The mental picture formed by the content of their latest record, from the artwork to the title, is one inspired by media of all sorts. What Static represents to Oblivion is “digital chaos,” but also the idea of being stuck in one place. “It was partially a reflection of our state of mind as young adults; that we’re all stuck in a moment in history that is extremely confusing. I think that electronic devices are really part of that,” he says. “It’s about trying to wrap your head around personal connections and what they mean in the present moment.” In almost the same breath, Oblivion humanizes the album. “This record is the most sensitive record that we’ll do, maybe the most claustrophobic.” That sensitivity is obvious on their garage-soul hit “High Road,” as the chorus levels out a mess of rising emotions and Follin sings “I should’ve took the high road/Now it’s such a long way back.” The claustrophobia is clear on “Were Before,” as a scratching guitar riff seems to be mechanically racheting two competing forces uncomfortably closer together, or perhaps, further apart.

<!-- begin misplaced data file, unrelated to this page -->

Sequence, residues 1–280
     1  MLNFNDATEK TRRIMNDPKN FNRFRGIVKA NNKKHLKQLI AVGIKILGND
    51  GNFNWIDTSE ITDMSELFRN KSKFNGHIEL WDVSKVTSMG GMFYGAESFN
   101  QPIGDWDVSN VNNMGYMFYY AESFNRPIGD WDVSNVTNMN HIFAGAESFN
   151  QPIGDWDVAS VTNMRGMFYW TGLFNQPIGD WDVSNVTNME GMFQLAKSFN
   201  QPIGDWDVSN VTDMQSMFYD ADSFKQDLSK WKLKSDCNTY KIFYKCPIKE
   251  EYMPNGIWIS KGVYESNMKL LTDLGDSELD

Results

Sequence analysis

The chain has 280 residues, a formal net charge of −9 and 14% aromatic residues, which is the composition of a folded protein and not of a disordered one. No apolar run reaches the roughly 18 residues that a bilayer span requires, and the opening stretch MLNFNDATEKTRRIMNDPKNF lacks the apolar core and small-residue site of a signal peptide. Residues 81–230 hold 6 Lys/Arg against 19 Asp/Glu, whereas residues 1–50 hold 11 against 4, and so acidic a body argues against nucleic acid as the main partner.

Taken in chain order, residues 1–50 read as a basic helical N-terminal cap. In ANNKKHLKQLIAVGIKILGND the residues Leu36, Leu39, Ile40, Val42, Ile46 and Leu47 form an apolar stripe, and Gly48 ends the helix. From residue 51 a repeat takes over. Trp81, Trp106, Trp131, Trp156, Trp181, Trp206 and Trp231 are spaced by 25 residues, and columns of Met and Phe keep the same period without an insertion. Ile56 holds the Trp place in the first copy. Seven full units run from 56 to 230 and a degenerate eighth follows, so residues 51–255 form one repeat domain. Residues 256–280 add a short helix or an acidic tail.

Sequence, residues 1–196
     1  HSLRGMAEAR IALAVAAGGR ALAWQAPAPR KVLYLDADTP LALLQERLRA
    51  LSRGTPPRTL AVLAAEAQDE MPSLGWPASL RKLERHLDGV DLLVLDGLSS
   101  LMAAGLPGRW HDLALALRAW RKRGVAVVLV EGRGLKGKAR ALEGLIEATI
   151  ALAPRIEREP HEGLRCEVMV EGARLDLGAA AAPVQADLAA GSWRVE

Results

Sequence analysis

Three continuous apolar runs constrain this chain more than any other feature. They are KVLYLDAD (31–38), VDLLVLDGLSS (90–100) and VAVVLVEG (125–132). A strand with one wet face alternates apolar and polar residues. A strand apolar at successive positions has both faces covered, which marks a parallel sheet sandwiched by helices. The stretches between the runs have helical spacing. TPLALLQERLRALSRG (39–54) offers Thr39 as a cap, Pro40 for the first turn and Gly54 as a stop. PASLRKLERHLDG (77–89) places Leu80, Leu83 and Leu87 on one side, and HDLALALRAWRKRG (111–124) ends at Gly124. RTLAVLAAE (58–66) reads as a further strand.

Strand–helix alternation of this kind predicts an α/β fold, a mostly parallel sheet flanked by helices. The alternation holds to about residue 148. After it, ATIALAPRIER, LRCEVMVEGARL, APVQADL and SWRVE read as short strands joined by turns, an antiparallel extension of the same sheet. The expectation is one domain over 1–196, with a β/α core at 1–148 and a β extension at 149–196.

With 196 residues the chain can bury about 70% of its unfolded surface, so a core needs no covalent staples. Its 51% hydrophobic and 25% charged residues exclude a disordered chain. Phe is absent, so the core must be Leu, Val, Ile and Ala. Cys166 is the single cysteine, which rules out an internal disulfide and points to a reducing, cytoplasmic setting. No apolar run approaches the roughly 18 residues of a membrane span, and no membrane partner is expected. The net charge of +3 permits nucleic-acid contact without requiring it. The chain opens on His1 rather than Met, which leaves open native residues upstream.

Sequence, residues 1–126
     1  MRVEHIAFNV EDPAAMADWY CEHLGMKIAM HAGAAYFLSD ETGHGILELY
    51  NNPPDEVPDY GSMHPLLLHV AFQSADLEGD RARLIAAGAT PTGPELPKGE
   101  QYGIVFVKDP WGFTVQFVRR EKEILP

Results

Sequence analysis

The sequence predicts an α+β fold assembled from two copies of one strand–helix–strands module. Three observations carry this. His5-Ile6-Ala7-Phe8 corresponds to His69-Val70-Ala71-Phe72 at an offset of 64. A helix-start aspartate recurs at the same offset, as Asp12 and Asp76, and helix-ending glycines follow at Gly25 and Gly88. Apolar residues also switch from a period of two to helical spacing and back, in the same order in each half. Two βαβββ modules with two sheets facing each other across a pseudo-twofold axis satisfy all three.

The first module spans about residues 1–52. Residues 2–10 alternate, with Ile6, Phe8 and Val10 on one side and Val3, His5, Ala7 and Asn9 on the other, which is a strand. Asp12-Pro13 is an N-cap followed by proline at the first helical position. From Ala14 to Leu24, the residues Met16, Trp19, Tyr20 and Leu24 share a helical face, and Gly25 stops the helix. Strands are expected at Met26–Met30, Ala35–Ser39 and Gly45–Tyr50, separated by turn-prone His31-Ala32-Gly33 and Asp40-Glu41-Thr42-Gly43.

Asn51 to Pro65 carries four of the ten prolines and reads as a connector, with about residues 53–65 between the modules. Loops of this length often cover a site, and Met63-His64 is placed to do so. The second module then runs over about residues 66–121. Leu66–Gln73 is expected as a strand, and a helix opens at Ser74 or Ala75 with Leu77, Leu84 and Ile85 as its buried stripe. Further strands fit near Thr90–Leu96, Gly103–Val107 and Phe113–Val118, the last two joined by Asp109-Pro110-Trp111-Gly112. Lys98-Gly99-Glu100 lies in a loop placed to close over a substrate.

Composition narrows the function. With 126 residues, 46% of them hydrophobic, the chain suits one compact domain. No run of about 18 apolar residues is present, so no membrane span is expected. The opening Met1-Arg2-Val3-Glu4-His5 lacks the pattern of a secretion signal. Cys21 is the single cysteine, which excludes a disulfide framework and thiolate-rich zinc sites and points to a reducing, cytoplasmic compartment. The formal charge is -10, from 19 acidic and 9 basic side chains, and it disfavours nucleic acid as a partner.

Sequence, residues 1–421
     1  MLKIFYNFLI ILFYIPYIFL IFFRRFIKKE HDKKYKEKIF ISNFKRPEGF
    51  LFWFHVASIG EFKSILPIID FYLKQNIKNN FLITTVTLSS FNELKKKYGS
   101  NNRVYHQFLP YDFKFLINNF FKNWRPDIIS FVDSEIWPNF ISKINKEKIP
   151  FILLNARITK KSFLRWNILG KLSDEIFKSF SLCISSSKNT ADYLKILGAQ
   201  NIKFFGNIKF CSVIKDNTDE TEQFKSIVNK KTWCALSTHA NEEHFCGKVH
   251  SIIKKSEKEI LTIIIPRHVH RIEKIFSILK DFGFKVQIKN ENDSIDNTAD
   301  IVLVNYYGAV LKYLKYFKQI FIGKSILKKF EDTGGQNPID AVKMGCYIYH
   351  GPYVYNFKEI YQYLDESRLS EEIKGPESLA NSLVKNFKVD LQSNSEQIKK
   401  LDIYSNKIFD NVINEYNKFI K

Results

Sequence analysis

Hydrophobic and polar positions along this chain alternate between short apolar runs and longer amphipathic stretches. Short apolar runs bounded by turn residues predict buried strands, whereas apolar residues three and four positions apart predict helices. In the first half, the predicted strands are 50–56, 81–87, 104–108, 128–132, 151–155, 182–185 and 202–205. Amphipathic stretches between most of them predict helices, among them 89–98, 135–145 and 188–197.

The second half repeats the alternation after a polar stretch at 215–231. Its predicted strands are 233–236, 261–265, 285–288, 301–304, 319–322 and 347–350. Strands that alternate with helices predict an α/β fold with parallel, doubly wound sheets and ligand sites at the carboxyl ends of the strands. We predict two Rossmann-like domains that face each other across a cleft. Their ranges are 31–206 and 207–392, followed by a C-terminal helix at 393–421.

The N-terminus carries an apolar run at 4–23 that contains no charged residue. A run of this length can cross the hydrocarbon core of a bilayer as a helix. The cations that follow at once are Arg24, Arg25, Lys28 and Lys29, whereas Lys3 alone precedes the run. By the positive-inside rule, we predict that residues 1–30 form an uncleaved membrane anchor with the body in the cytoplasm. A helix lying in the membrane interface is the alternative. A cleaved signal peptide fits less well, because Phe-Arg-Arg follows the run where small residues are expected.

Static comes with a few different record covers, including an image that recalled the artwork on the band’s debut record, with both primary figures in motion, but also with a simple image of a computer screen full of snowed-in static. If you found the images on the Internet, you’d notice that the static artwork was a GIF with actual static noise on the screen.

Through the static of our cross-country phone call, Oblivion describes the effect that the internet has had on his band, which to the casual fan might have seemed to appear on their radar out of nowhere. “For us it probably didn’t seem as crazy as if you were just reading about us on the internet,” he says. “It was like ‘Oh yeah, this band, they’re blowing up.’ But even a year into the band we were playing shows in Lawrence, Kansas, in front of like 15 to 20 people. It really did take about two and a half years from when we started until we were playing big shows and people actually noticed. The reality is so much slower than the illusion. We can still look back and see how we got here.”

Cults return to Buffalo on Monday, February 17 for a show at the Tralf Music Hall with special guests Mood Rings. 8pm. $15 advance, $17 at the door.